Retail? Meh, don’t care. Some boutique or art store or whatever. I’m talking about what downtown would NEED. Like a good sandwich shop/deli. Like a New York-style corned beef on rye handmade meatballs thousand types of sandwiches kind of place.

If the beer laws change (if) I’d love to see Jekyll Brewing have a presence downtown. I know they’ve talked about it.

I would love to see a cool little ice cream shop with old fashioned deserts and sodas. Like Scoops but better.

Most of the places could have patio dining with live music and gas lamps. Can you imagine how great it could be? I can.

The city has a chance to do something really great downtown, a chance to set Alpharetta apart from every other town in the northern arc. I hope that they think about the citizens and not about who will give them the most money or who is partnered with who. I know some of the city council members read this blog. Comment and tell them what you want to see downtown and how you envision Alpharetta’s future.

Cheap eats in Alpharetta

Every Friday Roots in Alpharetta features an article on food and dining in a series called Foodie Friday.

Meet James, a co-worker of mine who eats out for lunch everyday. Sounds familiar. We ought to have a lot in common yet seldom do our restaurant paths cross. But James, along with his cadre of old timers who eat together everyday, are rather set in their ways. They’re also very frugal.

One day I challenged James to break out of his routine of Subway and Speedy with beans. He returned my challenge with one of his own. Find restaurants that are close to our Windward office, offer something delicious and will cost $8 or less including drink and tip.

So James, without further adieu, here’s your list.

Pizza by the slice – Alpharetta is completely covered up in New York-style pizza. Your cheapest way to enjoy is ordering by the slice at lunch. Most joints will do two slices with toppings and a drink for around seven bucks. Top picks in this category include Verra-Zanno Pizzeria in Johns Creek along with their sister restaurant Joe’s New York Pizzeria on Mansell Road. Mama’s Pizza on North Point and Brooklyn Joe’s off Windward are also fine choices and a little closer to most cubicle dwellers.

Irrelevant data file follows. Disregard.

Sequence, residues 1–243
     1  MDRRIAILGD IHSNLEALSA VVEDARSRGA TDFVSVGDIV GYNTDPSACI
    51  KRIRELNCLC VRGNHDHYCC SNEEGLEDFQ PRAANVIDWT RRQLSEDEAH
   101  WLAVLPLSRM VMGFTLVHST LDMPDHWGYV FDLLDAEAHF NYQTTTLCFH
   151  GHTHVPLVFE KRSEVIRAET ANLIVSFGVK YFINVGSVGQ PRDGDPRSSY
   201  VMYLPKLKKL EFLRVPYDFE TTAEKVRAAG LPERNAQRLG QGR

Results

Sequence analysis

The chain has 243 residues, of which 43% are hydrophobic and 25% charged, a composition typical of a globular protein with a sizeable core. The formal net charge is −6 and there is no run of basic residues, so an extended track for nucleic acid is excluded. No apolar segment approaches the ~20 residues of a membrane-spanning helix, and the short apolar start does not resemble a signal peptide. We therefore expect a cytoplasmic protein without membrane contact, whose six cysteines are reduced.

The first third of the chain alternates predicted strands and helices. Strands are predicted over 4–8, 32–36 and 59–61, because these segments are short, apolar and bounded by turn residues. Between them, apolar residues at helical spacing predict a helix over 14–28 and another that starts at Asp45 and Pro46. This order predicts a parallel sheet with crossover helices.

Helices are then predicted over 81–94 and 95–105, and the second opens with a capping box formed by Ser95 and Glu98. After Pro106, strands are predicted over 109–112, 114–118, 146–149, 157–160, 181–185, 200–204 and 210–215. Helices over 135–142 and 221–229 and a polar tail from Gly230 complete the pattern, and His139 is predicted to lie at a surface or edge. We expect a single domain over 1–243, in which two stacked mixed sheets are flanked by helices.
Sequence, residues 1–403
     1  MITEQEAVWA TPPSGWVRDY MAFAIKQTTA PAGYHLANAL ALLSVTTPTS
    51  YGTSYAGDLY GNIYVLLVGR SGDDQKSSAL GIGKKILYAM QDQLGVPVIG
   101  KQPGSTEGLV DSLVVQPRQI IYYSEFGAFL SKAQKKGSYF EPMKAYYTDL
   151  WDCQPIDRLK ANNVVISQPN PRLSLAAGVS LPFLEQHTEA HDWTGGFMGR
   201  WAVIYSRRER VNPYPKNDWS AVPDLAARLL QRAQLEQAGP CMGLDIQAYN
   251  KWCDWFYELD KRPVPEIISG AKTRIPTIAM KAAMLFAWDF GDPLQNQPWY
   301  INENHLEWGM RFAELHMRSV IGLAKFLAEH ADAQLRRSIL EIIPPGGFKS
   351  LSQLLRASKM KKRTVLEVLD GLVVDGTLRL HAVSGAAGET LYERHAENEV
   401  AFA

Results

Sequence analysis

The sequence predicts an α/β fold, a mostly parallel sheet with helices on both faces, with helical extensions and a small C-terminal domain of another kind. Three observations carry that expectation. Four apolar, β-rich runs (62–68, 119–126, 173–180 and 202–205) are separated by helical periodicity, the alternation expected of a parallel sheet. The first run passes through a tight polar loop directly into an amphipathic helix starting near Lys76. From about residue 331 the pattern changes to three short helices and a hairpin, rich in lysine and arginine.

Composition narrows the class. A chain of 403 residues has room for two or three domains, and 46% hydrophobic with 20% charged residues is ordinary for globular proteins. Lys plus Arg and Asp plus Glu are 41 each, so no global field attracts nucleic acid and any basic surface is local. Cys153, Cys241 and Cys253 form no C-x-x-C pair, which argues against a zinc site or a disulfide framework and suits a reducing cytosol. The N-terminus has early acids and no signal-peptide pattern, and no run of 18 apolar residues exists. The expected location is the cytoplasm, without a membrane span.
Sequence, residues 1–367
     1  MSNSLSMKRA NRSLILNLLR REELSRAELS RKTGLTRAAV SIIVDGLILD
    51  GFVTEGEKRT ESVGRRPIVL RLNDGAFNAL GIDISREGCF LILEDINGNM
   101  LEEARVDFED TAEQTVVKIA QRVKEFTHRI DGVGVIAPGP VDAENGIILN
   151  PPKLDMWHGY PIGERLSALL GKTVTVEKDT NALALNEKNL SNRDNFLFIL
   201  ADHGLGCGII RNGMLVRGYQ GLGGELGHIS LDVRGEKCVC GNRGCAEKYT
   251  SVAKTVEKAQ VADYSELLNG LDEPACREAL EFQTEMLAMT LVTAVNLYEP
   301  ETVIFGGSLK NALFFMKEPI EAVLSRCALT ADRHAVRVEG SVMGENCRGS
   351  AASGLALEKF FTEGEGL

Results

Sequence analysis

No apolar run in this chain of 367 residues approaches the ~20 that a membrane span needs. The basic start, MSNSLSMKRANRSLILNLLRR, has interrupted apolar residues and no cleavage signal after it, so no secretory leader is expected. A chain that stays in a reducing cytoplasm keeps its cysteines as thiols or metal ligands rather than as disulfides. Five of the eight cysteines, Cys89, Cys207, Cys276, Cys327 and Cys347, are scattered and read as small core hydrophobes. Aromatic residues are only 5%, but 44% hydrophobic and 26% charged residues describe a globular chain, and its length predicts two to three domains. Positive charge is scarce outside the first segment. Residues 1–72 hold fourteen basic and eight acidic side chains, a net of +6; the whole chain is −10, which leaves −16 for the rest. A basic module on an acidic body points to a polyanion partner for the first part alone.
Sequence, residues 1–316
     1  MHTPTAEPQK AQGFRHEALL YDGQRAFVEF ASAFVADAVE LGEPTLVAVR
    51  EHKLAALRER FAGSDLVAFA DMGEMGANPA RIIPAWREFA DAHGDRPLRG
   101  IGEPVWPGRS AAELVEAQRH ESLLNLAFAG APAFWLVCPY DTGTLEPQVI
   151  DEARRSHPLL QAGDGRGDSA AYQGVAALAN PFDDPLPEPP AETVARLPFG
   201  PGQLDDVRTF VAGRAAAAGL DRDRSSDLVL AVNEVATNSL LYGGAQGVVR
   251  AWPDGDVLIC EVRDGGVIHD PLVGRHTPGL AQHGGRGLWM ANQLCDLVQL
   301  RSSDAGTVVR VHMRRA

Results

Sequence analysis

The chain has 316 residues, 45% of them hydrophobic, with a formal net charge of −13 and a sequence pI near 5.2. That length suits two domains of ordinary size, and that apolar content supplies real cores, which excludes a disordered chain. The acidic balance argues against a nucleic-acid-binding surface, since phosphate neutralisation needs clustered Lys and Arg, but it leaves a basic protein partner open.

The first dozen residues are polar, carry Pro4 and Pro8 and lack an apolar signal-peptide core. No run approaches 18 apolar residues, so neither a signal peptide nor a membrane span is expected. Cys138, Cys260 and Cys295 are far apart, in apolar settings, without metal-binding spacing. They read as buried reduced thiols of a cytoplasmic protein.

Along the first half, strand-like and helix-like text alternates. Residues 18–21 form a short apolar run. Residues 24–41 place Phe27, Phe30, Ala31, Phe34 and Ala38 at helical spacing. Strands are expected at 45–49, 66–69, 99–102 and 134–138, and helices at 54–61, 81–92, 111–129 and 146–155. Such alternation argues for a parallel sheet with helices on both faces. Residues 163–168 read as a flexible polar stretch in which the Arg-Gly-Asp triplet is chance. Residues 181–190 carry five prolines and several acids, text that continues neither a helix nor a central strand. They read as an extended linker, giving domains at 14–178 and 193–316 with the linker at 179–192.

El Trompo signAuthentic Mexican – Give Speedy Gonzalez the adios. He’s certainly cheap but you can do far better for the same pesos. Mr. Taco and our beloved El Trompo Mexican Taqueria are where you need to be. Mix and match some a la carte tacos and wash it down with a Mexican coke.  It easily fits within our $8 budget.

Mediterranean – Two words: gyro wraps. They are delicious, very filling and well within our budget in most instances. I like Grecian Gyro in Johns Creek Walk, Cafe Efendi on Main Street and Seven Seas Cafe Devore Road. And if you’re willing to approach the $10 mark, nothing beats the chicken shawarma wrap at Jerusalem Bakery on Old Milton.

Chinese – It’s certainly cheap at lunch, but it takes a lot to impress me in this category. Head down to Johns Creek for the good stuff. Liu Fu will serve the Chinese food your accustomed to for $8 at lunch. Or better yet, establish yourself as a Chinese food epicure and order the Szechwan-style hot boiled fish. It breaks our budget at $10 but is well worth it. You’ll need extra napkins to dab the sweat off your brow.

For quality Thai food at very reasonable prices hit Satay House on Alpharetta’s South Main Street. Some lunch options are priced as low as $6.25. How do they do it?

X-tudoAnd finally, for my off-the-wall budget lunch pick, head over to Old Milton’s  Coisas de Brasil and order the X-tudo. For a measly six bucks your sammich comes with hamburger, a fried egg, mozzarella cheese, ham, lettuce, tomato, corn and peas. It’s the most bizarre lunch item in Alpharetta, but it’s cheap!

Not every good restaurant in Alpharetta has to be fine dining. Guys like my friend James are never going to shell out $18 for a plate of tacos at The El Felix. You don’t have to either. Hopefully this list gives the budget-conscious gastronome a decent place to begin. If you’ve got ideas for delicious cheap eats, I’d love to hear them!

Alpharetta Restaurant News – January 2015

Every Friday Roots in Alpharetta features an article on food and dining in a series called Foodie Friday.